George Claus Rankin, C.J.
1. This appeal relates to a question of costs. It is settled law that the Court of Appeal will never interfere with the order of the Judge in the trial Court as to costs unless the order offends against some well recognised principle or unless the Court of Appeal feels that it would be unjust to the party against whom it is made if the order be allowed to stand.
2. In this case the plaintiff's suit was for recovery of a sum of Rs. 705 and it was instituted under Order XXXVII of the Code of Civil Procedure. The claim arose on a promissory note executed by the defendant on the 23rd December, 1926, for Rs. 600 with interest thereon at 24 per cent. per annum. Mr. Justice Pearson made a decree on the 9th January, 1928, for the amount claimed but he did not allow any costs to the plaintiff.
3. On appeal it is contended on behalf of the plaintiff that having regard to the words used in Order XXXVII, Rule 2, Sub-clause (2), Civil Procedure Code, the plaintiff was entitled as a matter of right to a decree for costs on the prescribed scale, i.e., costs on Scale No. 1. The plaintiff argues that Order XXXVII, Civil Procedure Code, does not apply to the Small Cause Court and that, therefore, he having instituted the suit in the High Court, ought not to be held disentitled to costs.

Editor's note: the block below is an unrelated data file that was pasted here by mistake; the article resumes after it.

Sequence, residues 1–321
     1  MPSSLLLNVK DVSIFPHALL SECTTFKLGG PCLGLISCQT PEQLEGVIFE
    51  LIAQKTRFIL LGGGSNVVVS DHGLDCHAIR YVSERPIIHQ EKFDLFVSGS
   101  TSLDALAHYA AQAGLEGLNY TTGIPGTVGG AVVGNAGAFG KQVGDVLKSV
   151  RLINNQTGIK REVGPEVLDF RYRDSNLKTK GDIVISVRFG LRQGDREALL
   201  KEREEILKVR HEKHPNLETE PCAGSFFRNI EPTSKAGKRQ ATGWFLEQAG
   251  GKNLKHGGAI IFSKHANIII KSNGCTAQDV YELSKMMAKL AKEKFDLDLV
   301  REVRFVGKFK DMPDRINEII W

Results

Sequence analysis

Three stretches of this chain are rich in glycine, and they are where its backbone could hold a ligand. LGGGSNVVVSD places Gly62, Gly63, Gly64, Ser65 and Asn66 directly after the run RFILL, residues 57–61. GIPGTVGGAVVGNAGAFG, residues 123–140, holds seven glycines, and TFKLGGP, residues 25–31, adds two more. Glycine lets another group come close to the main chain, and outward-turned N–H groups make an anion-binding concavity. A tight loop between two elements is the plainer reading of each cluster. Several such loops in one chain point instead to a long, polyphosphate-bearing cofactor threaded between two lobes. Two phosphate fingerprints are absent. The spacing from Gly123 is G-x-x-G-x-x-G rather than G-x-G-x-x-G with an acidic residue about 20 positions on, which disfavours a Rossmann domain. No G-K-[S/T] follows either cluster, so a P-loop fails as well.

4. The question of procedure under Order XXXVII, Civil Procedure Code, and the question of the right to institute a suit for the recovery of a sum of Rs. 705 in the Small Cause Court are entirely different, Ordinarily, the plaintiff who avails himself of the Procedure indicated in Order XXXVII, in the event of Order XXXVII, Rule 2, Sub-clause (2), being held applicable, is entitled to his costs, but where the suit is cognizable in the Small Cause Court and where it is instituted in the High Court, the provisions of a. 22 of the Presidency Small Cause Courts Act are attracted. In cases governed by the last mentioned section, no coats are allowable to the plaintiff, unless the Judge who tries the suit certifies that it was one fit to be brought in the High Court. I am unable to see why the provisions of Section 22 of the Presidency Small Cause Courts Act should not be held applicable to this case. The plaintiff was not bound to avail himself of the procedure indicated in Order XXXVII, Civil Procedure Code, but he having chosen to avail himself of that procedure in a suit for the recovery of a sum less than the amounts mentioned in Section 22 of the Presidency Small Cause Courts Act, took the risk of having no costs allowed to him unless he could induce the Judge to certify that it was a fit and proper case to be brought in the High Court. In this case it would appear from the minutes of the trial before Mr. Justice Pearson that the learned Judge considered the matter of costs and being apparently of opinion that the case was not one fit to be brought in the High Court, disallowed costs to the plaintiff. It may be that in some instances of like nature costs have been allowed to the plaintiff, but on fuller consideration I am of opinion that the question of costs in a case of this description is regulated by the provisions of Section 22 of the Presidency Small Cause Courts Act.
5. The result is that this appeal fails and must be dismissed. As the respondent does not appear, there will be no order for costs.
Rankin, C. J.
6. I agree.